Monarchy Past: Alfonso III of Asturias
(848 – December 910)
(848 – December 910)
Little is known about Alfonso except the bare facts of his reign and of his comparative success in consolidating the kingdom during the weakness of the Umayyad princes of Córdoba. He fought against and gained numerous victories over the Muslims of al-Andalus.
He defeated a Basque rebellion in 867 and, much later, a Galician one as well. He moved his capital forward from Oviedo to the recently restored Roman city of León.
He conquered Oporto (868) and Coimbra, Zamora, and Burgos by 878, settling refugees from the south and doubling the size of his kingdom. He formed an alliance with the Kingdom of Pamplona, and solidified this link by marrying Jimena, who is thought to have been daughter of king García Íñiguez, or less likely, a member of the Jiménez dynasty, and also married his sister Leodegundia to a prince of Pamplona.
He ordered the creation of three chronicles which presented the theory that the kingdom of Asturias was the rightful successor of the old Visigothic kingdom. He was also a patron of the arts, like his grandfather before him. He built the church of Santo Adriano de Tuñón. According to a letter of disputed authenticity dated to 906, the Epistola Adefonsi Hispaniae regis, Alfonso arranged to purchase an "imperial crown" from the cathedral of Tours.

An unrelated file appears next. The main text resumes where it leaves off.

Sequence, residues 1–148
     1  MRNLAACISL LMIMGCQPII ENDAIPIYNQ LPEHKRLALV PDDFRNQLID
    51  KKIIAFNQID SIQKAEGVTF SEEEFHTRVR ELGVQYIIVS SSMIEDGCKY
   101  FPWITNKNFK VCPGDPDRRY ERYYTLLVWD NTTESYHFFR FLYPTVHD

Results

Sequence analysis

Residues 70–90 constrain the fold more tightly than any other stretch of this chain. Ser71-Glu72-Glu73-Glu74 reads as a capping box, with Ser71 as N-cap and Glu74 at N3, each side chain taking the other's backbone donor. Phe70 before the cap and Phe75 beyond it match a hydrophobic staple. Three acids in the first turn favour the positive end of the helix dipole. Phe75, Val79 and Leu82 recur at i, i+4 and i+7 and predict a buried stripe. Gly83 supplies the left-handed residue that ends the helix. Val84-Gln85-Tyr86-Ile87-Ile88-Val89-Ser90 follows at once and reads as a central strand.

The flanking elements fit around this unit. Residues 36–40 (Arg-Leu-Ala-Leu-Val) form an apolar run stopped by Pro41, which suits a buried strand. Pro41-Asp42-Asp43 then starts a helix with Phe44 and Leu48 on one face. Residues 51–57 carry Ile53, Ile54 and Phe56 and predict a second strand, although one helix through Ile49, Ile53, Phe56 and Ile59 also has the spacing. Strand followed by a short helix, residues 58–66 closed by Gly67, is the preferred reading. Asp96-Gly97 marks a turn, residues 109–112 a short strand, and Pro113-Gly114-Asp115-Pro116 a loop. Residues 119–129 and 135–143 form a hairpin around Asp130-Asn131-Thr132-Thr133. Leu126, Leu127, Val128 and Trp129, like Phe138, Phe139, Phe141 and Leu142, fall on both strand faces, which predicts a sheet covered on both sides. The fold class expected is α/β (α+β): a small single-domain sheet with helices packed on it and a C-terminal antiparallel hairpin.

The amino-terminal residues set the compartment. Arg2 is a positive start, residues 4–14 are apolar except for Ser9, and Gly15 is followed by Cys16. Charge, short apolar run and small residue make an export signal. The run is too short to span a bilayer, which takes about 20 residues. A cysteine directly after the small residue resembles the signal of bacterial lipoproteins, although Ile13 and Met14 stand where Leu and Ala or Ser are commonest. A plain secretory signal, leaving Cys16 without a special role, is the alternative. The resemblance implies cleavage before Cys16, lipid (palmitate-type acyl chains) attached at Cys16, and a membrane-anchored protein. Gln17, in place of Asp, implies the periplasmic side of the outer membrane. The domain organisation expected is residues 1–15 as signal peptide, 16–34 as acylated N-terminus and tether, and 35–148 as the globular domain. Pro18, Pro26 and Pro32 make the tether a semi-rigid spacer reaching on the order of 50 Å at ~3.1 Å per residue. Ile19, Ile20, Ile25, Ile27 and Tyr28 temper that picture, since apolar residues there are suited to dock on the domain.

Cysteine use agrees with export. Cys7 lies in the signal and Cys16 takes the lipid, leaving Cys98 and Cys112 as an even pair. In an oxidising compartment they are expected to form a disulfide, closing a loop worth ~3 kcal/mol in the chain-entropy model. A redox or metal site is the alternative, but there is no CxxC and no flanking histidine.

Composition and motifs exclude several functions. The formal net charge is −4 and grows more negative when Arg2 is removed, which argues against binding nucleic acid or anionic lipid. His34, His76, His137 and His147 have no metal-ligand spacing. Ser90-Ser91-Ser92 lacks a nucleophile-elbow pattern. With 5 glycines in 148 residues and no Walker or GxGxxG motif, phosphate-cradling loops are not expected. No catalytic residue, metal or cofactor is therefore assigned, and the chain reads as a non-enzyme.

A year before his death, three of Alfonso's sons rose in rebellion and forced him to abdicate, partitioning the kingdom among them. The eldest son, García, became king of León. The second son, Ordoño, reigned in Galicia, while the third, Fruela, received Asturias with Oviedo as his capital. Alfonso died in Zamora, probably in 910. His former realm would be reunited when first García died childless and León passed to Ordoño. He in turn died when his children were too young to ascend, Fruela became king of a reunited crown. His death the next year initiated a series of internecine struggles that led to unstable succession for over a century.